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10 Famous Directors’ Biggest Missteps

We’re approaching the 26th anniversary of the film that George Lucas would love to forget: Howard the Duck. The filmmaker produced the failed Marvel comic adaptation about an alien duck that tries to save humanity and romances Lea Thompson during his quest. Although Willard Huyck directed the flop, it’s every bit Lucas’ movie, released under his production and special effects banners Lucasfilm and Industrial Light & Magic. Since the now cult film’s 25th anniversary passed us like a ship in the night last year, fans have been unhappy that no Blu-ray release is in sight. Slashfilm is reporting that Howard groupies and Marvel COO Joe Quesada are rallying for an HD version. You can watch their video plea here.

In the meantime, news about the “worst” movie got us thinking about other filmmakers and their biggest cinematic missteps. Take the good with the bad past the break, and drop your votes in the comments below.

Tim Burton’s Planet of the Apes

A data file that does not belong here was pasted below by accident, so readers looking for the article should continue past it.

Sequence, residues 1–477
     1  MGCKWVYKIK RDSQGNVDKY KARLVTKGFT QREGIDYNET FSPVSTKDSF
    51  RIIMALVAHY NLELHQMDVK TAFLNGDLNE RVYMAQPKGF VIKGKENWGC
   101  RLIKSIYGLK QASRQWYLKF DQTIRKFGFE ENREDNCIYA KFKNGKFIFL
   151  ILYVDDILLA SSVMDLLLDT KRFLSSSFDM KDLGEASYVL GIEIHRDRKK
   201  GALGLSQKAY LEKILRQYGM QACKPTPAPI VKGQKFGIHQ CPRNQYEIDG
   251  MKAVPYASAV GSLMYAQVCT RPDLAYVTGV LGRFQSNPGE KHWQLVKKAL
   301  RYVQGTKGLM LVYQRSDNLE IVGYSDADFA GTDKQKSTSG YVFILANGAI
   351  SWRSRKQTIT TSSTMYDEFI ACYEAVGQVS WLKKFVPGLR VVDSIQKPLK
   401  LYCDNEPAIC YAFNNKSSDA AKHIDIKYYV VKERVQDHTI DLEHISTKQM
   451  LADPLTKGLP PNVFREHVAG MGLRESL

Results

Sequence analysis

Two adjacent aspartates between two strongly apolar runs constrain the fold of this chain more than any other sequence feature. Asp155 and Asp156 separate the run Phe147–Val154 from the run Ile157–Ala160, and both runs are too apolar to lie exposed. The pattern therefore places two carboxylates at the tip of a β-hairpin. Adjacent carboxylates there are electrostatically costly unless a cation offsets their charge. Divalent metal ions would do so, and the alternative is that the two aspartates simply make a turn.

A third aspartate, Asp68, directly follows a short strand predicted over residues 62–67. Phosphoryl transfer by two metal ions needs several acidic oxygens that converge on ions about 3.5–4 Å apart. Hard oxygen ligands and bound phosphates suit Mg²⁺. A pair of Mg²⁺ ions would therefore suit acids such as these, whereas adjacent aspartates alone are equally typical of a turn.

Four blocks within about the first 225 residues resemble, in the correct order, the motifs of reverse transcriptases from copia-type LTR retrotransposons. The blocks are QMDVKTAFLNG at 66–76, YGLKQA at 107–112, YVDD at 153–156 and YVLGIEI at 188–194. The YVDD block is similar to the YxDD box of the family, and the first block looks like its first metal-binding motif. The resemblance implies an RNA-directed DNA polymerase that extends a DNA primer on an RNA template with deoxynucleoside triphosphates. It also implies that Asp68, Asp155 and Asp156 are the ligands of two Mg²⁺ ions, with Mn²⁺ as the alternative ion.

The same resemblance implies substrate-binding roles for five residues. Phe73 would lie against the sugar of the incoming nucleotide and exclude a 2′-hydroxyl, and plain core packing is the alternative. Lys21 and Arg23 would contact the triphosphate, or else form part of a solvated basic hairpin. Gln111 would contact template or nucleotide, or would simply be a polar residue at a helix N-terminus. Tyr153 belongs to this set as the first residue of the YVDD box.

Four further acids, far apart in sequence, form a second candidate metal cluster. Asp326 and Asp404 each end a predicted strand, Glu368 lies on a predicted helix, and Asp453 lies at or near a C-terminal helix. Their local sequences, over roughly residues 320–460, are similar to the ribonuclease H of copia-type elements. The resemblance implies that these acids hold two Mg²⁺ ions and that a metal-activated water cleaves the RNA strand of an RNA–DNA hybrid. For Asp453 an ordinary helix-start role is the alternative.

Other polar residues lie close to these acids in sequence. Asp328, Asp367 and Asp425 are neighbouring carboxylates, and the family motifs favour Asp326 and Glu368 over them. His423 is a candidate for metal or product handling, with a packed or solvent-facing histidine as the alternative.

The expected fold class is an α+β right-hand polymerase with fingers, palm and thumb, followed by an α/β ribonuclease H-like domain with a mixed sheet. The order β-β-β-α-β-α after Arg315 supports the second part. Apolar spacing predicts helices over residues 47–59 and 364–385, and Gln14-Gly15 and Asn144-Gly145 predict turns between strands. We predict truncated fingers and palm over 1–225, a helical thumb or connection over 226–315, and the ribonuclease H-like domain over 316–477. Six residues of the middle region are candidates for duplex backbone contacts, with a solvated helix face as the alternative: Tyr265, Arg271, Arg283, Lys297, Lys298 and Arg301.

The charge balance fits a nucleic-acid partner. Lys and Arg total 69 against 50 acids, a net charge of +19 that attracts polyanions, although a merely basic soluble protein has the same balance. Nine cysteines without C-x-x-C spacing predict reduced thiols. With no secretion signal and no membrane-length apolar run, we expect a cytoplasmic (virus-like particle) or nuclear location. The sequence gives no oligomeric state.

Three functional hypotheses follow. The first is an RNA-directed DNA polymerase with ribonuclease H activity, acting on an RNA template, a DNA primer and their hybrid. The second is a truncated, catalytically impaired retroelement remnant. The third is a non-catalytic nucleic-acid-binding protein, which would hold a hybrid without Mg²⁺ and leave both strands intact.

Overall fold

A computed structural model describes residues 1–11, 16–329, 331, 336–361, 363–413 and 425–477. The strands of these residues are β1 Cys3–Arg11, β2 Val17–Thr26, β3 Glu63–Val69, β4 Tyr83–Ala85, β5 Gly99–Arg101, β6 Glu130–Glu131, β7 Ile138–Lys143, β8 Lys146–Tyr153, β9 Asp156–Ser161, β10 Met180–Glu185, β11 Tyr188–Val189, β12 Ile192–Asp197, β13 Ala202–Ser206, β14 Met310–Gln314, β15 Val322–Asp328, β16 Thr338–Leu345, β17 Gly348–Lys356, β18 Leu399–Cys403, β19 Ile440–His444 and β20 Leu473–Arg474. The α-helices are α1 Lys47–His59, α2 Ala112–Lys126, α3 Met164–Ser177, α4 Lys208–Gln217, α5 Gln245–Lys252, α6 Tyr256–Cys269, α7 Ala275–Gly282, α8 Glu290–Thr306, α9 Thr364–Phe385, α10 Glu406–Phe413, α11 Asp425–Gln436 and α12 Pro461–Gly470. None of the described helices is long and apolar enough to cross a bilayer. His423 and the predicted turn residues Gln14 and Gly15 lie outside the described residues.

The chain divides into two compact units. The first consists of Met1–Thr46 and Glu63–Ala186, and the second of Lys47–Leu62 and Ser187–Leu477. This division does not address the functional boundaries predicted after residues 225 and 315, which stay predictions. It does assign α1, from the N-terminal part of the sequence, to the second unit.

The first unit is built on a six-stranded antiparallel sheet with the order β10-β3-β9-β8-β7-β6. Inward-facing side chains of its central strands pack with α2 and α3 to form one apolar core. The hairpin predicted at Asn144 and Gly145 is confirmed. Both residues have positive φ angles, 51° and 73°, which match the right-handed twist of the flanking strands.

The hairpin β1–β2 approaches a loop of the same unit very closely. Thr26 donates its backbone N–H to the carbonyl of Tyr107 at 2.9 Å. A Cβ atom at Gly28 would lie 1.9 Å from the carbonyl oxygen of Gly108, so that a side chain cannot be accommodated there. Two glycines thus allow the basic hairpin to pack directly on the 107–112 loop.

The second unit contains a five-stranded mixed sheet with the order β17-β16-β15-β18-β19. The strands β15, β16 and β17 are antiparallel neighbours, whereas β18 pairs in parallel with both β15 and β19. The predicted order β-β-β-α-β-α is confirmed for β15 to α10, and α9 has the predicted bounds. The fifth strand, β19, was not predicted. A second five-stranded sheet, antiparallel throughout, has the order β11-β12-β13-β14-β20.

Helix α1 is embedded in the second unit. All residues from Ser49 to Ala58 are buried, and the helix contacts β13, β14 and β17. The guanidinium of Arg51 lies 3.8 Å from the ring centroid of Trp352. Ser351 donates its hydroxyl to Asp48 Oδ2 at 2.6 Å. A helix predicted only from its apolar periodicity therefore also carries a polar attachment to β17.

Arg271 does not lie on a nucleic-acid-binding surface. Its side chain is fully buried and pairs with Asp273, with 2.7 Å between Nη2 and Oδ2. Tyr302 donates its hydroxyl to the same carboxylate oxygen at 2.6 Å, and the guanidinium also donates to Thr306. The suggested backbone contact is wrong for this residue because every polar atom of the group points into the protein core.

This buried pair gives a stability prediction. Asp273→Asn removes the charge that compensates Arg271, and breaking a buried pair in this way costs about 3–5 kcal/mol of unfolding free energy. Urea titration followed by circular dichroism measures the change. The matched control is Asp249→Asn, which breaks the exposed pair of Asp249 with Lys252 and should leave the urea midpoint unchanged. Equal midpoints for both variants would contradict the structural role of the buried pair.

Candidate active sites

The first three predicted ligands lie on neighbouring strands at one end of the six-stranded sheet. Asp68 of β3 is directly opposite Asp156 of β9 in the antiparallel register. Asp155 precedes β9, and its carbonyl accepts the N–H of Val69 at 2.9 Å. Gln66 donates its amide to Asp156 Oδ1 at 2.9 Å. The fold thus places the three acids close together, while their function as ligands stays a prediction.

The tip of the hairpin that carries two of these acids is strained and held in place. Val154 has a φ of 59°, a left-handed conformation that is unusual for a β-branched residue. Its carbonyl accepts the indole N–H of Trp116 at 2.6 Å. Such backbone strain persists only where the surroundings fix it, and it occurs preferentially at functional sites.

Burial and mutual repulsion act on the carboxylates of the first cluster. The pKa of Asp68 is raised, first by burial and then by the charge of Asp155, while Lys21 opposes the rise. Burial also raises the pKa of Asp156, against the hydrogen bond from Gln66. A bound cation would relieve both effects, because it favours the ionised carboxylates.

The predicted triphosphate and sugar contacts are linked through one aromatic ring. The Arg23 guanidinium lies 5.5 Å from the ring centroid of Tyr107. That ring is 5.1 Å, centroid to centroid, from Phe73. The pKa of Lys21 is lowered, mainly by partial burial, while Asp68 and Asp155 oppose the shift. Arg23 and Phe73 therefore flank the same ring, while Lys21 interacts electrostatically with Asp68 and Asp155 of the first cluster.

With his greatest successes behind him — including deeply personal films like Edward Scissorhands — and a few forgettable entries tarnishing his record (something that’s become a trend with the filmmaker), Tim Burton set out to reclaim his throne with a remake of the 1960’s sci-fi opus Planet of the Apes. It felt entirely possible that he would be perfect for the job since Burton was already a master at creating atmospheric worlds full of quirks and memorable characters. While the director’s “damn dirty apes” were one of the highlights of the movie — thanks to Rick Baker’s makeup and actors like Tim Roth behind the prosthetics — Burton’s film also featured dull performances from Mark Wahlberg and seemed to stifle the talents of Helena Bonham Carter. The ill-conceived story felt limited and confused, turning the philosophical landmark tale into a mere action spectacle. The ending is what really hammered the final nail in the coffin, however. When one of your lead actors (Roth) says, “I cannot explain that ending. I have seen it twice, and I don’t understand anything,” that’s probably a bad sign.